On Bastille Day this past summer, Noelle Jacobsen, ’18, and fellow students in the Lehigh in Paris program were watching fireworks at the Eiffel Tower when she began to receive texts asking if she was all right.
At the time, Jacobsen didn’t know about the terror attack involving a truck that drove into a crowd of people, killing more than 100 in Nice. Once she did, Jacobsen said she was nervous and that, rather than going out to celebrate the holiday, the group stayed in that night.
“It was sad that on the day of celebrating French liberty, they had to get attacked again on their own soil,” Jacobsen said.
Although there have been terrorist attacks all over the world, Katie Radande, the director of Study Abroad, said that overall safety is important to the Study Abroad Office and that students should not let the fear of unpredictable events hinder their chance of traveling.
Radande said approximately 40 percent of Lehigh students study abroad before they graduate.
“We do put a lot of time at Lehigh in helping students have positive and safe experiences abroad,” Radande said.
There are multiple groups concerned with study abroad safety, including International SOS and International Travel Advisory Committee, ITAC. The International SOS is Lehigh’s 24-hour emergency response group. Radande said the nurses, doctors and security specialists are helpful in answering medical and security questions and concerns.
Before even going abroad, students are required to attend meetings with a study abroad adviser.
“We have three study abroad advisers and they work one-on-one with students to help with their personal interests and academic and career goals,” Radande said.
There is an adviser for each individual college. Students learn policies and information at meetings as well as safety tips, such as learning the equivalent phone number for 911.
She said that all the resources are there for the student. It is the student’s responsibility to ask questions and prepare accordingly.
World events, although not as frequent as other problems when studying abroad, have become a factor for some students in deciding to travel.
Caroline Raney, ’18, who attended the Lehigh in Belgium marketing program this past May, said that only nine of the 30 students who were signed up to go actually went due to the bombings in Brussels. However, she said she never felt scared when she arrived in Belgium.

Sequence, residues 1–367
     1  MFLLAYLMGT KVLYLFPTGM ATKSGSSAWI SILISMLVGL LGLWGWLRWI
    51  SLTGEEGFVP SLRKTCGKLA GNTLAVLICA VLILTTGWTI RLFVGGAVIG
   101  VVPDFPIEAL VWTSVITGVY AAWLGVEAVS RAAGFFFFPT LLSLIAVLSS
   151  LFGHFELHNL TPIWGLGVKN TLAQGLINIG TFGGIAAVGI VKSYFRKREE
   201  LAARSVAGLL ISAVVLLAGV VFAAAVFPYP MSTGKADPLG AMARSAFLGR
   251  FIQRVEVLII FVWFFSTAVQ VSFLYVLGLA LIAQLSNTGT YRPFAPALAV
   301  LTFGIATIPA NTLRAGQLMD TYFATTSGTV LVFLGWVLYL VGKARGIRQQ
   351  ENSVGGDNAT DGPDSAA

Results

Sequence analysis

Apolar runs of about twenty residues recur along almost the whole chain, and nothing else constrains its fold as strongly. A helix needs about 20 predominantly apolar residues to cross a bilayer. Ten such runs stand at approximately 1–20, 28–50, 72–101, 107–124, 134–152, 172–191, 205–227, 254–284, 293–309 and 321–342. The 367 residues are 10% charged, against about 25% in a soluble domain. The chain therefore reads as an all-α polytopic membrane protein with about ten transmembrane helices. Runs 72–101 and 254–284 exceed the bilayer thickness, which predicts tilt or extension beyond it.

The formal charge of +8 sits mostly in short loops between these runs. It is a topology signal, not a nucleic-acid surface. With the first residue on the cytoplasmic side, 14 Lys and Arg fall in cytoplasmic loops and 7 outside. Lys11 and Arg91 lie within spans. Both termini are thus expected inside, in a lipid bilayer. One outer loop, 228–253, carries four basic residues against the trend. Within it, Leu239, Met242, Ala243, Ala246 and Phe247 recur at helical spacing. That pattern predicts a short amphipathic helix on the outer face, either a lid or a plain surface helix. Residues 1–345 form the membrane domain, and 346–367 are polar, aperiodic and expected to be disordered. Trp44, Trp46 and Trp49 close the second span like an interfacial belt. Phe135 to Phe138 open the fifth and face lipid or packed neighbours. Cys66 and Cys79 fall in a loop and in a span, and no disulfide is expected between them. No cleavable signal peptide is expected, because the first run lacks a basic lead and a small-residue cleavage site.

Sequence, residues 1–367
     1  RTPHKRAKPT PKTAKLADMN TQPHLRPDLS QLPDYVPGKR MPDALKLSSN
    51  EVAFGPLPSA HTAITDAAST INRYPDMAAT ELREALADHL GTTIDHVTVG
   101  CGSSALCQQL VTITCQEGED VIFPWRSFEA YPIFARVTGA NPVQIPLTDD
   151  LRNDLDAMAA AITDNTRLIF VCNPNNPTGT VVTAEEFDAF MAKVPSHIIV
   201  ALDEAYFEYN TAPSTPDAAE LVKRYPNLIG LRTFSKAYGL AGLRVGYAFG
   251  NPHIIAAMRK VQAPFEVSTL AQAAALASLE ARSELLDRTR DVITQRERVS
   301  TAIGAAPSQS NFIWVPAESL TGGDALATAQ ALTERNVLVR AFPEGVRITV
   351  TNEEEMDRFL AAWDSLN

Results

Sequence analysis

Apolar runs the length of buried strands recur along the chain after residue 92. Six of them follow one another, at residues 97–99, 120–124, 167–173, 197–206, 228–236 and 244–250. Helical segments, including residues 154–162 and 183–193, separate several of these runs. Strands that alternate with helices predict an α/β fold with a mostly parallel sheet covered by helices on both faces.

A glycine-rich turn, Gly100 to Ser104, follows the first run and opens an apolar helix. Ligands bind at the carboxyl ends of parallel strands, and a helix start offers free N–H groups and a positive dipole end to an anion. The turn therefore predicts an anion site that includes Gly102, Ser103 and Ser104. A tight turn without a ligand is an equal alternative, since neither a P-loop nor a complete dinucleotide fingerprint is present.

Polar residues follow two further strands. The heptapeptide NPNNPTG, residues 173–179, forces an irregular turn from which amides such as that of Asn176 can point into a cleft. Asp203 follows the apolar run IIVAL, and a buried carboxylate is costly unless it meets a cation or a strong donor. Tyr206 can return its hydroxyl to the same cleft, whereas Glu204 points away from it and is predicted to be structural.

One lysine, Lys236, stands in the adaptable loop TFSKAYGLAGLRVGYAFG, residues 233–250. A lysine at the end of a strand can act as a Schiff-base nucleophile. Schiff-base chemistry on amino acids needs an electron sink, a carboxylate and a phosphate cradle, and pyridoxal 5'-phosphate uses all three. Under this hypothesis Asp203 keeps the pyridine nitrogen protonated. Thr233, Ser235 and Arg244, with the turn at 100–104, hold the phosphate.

“I traveled through Brussels every weekend of the program and never had any issues,” Raney said. “There was no sign that anything has happened, really except the increase in security.”
Raney said students should go abroad if that is something they want to try.
During the Lehigh in Paris program, Jacobsen said she was aware of some of the events happening in the world before she went but she did not want to let the opportunity to study abroad be hindered by fear.
“I believe that there are so many wonderful places that people should go out and explore in the world so you should not have to trade in your freedom just for security,” Jacobsen said. “You can’t live in a bubble all your life.”
Sage Chasen, ‘19, who was also part of the Lehigh in Paris trip, almost went to visit Nice that weekend when he decided at the very last minute to change his plans for Bastille Day.
“I felt like Paris would have been the place to be,” Chasen said. “So I stayed back and I got a call later at night and my mom was hysterically crying because she thought I was in Nice.”
Chasen said that they did not let the attack in Nice affect the mood of the trip. It was his first time out of the country and he didn’t want to let the attacks stop him from getting the most out of his experience.
Shortly after the attack in Nice, Radande said the Study Abroad office contacted professor John Savage, the faculty leader, to report back if everyone is safe.
In addition to safe study abroad trips, Lehigh does have a policy that prohibits students from studying in countries classified as travel warning locations by the U.S. government Radande said. A list of travel warning countries can be found online but some locations include Israel, Kenya and Mexico.
Even though this policy is in place, Radande said that there are exceptions to the rule. One of these exceptions is for faculty members who want to bring a group of students to a travel warning location.
However, if a Lehigh student wants to go to a travel warning country for a whole semester by his or herself, then that student is required to take a leave of absence from Lehigh and would have to transfer credits they earn abroad when returning to and re-enrolling at Lehigh, Radande said.
“Study abroad is really part of Lehigh’s experience,” Radande said. “There’s a lot of opportunity so I really think students should consider it. People always say studying abroad is life changing and it really is. It can you help build a resume, explore the world, learn something new about yourself and other people.”